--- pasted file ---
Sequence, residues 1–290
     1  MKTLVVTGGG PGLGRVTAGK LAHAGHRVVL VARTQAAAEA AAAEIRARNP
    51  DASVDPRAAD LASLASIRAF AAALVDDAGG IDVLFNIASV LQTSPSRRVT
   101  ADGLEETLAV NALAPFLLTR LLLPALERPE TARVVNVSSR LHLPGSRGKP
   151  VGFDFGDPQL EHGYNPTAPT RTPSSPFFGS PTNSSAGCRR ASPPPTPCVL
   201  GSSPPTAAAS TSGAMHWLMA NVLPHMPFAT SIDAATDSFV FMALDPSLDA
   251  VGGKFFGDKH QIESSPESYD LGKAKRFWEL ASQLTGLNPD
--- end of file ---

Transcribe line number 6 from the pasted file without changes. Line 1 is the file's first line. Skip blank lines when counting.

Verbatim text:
   201  GSSPPTAAAS TSGAMHWLMA NVLPHMPFAT SIDAATDSFV FMALDPSLDA